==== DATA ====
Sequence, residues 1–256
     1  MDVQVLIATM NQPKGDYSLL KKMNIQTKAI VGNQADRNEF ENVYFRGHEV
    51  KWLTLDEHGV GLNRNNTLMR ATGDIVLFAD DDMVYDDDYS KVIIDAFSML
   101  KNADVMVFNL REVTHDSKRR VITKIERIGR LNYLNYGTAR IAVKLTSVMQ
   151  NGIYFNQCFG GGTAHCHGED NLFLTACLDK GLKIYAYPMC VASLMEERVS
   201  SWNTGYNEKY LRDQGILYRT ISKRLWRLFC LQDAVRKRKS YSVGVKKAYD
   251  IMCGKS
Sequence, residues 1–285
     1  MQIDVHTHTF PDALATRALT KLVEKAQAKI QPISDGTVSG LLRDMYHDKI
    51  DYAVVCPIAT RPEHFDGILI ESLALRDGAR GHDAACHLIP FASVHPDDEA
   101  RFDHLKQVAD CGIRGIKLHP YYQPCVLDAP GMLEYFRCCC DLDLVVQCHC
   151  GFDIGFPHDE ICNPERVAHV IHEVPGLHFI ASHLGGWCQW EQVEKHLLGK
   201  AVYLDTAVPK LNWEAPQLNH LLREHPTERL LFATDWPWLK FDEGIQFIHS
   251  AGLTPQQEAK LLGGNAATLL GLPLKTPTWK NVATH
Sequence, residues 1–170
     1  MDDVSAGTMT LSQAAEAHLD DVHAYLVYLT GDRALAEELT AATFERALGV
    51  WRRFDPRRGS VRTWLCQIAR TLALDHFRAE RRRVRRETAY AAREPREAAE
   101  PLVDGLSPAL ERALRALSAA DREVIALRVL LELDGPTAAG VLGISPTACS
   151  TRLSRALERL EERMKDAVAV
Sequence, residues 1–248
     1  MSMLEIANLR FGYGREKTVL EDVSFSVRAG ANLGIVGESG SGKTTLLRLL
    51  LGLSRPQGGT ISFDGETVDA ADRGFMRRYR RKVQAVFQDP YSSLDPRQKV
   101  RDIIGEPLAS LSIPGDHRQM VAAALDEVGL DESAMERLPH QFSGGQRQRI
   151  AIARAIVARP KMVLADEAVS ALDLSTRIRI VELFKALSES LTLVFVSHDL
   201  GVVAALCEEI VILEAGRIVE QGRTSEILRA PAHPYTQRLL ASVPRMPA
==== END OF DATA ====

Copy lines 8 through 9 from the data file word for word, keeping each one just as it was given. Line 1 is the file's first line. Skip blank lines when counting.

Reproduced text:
Sequence, residues 1–285
     1  MQIDVHTHTF PDALATRALT KLVEKAQAKI QPISDGTVSG LLRDMYHDKI